Face (and Voice) of the Day

Image 

Daniel Day-Lewis as Lincoln, see One to Watch (Lincoln).

Stuff reports, “A towering figure such as Abraham Lincoln, who stood 1.95 metres and was one of history’s master orators, must have had a booming voice to match, right? Not in Daniel Day-Lewis’ interpretation.” I agree.  Lincoln had a soft voice and was not noted as an especially good speaker.  His famous Gettsyburg Address was rubbished at the time and actually missed by many there.

“Day-Lewis, who plays the 16th president in Steven Spielberg’s epic film biography Lincoln, which goes into wide release this weekend, settled on a higher, softer voice, saying it’s more true to descriptions of how the man actually spoke…There are numerous accounts, contemporary accounts, of his speaking voice. They tend to imply that it was fairly high, in a high register, which I believe allowed him to reach greater numbers of people when he was speaking publicly,” Day-Lewis said in an interview. Because the higher registers tend to reach farther than the lower tones, so that would have been useful to him.”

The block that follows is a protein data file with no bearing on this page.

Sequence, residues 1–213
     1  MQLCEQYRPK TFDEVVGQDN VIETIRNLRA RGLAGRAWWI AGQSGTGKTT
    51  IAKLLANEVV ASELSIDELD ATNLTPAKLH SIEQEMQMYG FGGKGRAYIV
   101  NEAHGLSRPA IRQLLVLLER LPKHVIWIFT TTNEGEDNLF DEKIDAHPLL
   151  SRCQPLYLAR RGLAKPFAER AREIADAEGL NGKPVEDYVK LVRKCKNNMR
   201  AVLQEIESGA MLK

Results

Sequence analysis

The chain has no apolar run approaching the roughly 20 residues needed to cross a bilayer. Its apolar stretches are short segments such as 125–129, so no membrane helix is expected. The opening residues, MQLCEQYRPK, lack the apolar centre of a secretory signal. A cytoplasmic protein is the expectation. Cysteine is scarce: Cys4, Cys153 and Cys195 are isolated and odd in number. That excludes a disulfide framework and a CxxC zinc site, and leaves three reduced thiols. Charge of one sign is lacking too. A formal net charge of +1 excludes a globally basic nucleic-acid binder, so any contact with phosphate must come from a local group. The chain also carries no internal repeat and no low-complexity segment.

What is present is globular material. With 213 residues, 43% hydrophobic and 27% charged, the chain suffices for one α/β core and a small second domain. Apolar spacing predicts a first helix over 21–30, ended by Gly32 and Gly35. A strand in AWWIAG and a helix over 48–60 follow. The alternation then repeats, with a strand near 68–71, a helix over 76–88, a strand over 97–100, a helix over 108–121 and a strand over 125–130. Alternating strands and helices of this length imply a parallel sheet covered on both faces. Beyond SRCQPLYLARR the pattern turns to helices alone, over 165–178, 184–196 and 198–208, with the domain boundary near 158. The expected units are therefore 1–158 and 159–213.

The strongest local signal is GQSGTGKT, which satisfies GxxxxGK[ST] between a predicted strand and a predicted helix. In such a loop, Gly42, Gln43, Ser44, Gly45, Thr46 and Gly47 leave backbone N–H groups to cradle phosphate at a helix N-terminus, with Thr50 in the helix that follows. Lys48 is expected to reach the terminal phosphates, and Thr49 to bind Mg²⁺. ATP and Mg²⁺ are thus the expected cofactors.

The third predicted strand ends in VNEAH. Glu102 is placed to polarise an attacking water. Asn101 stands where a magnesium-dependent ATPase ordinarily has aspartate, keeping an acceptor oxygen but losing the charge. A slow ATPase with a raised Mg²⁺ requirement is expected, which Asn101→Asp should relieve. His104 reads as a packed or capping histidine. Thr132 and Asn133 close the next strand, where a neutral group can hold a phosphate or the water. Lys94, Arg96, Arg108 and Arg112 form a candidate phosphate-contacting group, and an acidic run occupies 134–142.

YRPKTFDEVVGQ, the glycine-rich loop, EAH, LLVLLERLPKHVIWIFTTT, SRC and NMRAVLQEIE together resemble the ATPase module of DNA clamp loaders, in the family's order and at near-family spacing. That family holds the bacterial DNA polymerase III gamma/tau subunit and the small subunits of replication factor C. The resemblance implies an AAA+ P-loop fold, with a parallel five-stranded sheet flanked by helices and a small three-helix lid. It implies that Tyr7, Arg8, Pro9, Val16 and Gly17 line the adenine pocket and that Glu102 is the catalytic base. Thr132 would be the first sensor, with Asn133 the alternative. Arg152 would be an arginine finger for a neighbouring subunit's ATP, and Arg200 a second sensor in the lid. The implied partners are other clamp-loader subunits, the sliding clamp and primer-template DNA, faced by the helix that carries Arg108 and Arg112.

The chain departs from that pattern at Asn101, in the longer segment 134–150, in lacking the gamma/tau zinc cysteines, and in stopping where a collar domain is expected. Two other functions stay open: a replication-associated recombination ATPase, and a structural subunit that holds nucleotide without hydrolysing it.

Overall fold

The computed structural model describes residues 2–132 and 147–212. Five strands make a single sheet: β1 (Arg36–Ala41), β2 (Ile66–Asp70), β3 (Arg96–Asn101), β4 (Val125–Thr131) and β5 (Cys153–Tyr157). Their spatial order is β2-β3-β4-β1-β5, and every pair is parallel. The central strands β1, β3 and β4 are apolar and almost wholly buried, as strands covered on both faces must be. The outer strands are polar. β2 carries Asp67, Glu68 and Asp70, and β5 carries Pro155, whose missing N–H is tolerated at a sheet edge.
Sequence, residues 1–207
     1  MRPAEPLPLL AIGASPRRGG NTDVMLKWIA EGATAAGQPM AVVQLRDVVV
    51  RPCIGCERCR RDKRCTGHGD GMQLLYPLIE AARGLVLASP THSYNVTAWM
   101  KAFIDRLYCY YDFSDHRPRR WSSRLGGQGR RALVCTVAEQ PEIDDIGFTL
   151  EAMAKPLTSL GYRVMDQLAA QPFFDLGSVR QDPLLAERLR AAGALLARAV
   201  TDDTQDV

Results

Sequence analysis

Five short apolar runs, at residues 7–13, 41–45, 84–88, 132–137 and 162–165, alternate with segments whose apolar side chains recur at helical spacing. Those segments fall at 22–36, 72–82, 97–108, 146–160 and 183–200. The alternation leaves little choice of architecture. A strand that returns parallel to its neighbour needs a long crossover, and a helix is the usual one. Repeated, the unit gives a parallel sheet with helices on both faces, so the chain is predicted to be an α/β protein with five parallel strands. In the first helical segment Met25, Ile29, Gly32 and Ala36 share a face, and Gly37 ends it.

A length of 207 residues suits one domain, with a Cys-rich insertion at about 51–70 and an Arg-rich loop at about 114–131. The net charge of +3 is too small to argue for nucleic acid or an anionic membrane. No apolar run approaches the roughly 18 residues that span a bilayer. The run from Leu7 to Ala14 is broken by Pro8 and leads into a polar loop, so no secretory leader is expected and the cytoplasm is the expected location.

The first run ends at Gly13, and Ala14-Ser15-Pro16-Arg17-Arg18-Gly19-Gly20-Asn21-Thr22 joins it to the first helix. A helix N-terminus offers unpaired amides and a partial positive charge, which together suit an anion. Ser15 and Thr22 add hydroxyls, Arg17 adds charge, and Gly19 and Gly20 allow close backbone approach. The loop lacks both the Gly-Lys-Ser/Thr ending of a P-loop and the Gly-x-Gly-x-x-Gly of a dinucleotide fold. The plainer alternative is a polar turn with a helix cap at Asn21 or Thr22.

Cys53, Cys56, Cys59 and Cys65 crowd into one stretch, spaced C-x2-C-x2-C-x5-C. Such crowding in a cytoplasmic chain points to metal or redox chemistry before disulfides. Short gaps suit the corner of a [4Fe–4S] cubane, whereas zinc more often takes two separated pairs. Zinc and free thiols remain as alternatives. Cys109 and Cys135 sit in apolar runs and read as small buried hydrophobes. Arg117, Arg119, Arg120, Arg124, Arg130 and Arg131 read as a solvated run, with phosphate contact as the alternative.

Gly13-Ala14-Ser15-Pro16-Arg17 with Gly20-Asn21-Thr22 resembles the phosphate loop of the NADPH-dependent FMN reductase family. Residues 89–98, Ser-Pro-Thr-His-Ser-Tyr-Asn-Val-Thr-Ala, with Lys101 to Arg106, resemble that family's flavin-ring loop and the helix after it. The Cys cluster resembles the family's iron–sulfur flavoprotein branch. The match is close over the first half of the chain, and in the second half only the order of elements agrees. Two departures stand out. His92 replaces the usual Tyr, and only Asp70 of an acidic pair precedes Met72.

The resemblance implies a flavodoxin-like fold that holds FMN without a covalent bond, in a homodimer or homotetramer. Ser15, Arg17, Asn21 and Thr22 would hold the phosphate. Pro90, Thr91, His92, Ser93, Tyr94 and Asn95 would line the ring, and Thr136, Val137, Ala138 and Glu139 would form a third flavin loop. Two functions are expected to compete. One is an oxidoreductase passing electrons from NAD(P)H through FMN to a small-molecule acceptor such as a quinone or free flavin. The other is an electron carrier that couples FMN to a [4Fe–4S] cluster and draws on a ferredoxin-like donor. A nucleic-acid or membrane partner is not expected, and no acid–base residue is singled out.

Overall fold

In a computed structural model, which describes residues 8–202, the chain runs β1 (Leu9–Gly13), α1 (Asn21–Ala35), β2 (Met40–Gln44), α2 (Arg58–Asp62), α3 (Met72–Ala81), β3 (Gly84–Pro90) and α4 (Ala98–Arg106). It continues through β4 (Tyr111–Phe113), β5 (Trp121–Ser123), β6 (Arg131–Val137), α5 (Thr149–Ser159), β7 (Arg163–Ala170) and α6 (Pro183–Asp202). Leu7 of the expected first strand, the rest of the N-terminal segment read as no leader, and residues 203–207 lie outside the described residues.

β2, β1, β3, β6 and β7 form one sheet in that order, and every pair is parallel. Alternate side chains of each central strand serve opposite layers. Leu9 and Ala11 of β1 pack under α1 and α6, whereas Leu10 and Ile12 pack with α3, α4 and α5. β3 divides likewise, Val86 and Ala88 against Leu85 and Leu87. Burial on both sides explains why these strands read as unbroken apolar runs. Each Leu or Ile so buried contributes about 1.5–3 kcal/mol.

Lincoln doesn’t open in New Zealand until on 31 January. (Weeping sound).

Looking at photographs of Lincoln at the time, one can see the tremendous stress and strain of the Civil War that aged him terribly.  He also suffered from a thyroid disorder, cancer or multiple endocrine neoplasia, type 2B that is perhaps responsible for his height, protruding ears and other extremities that gave him such an odd physical appearance. He was said to have a very idosyncratic walk (John Cleese?).

Here is a list of Lincoln’s maladies:

  • Lincoln’s body shape, i.e. his height, long limbs, big feet, leanness, high voice, flat feet, sunken chest.
  • Lincoln’s sagging face, that witnesses mistakenly thought was sadness or depression.
  • Lincoln’s bumpy lips and big lower lip.
  • The large bump on Lincoln’s right cheek.
  • Lincoln’s fatigue, headaches, fainting, and cold hands & feet in his last months.
  • Lincoln’s intermittently drooping eyelids.
  • Lincoln’s constipation.
  • Lincoln’s high voice.
  • Lincoln’s propensity to lie on the floor when reading, and rest his feet on a table when sitting.
  • Lincoln’s asymmetric face and homeliness.
  • Lincoln’s loose-jointedness.
  • The death of three of Lincoln’s sons before age 20, and, probably, his mother’s death at 34.
About these ads

About coNZervative